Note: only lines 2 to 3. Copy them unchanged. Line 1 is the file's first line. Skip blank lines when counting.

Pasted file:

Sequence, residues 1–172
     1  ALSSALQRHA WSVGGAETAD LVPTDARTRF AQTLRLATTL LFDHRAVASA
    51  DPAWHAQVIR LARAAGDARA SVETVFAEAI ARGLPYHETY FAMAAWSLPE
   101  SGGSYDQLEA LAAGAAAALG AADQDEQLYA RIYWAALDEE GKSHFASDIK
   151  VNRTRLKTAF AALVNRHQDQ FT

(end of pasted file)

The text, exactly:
     1  ALSSALQRHA WSVGGAETAD LVPTDARTRF AQTLRLATTL LFDHRAVASA
    51  DPAWHAQVIR LARAAGDARA SVETVFAEAI ARGLPYHETY FAMAAWSLPE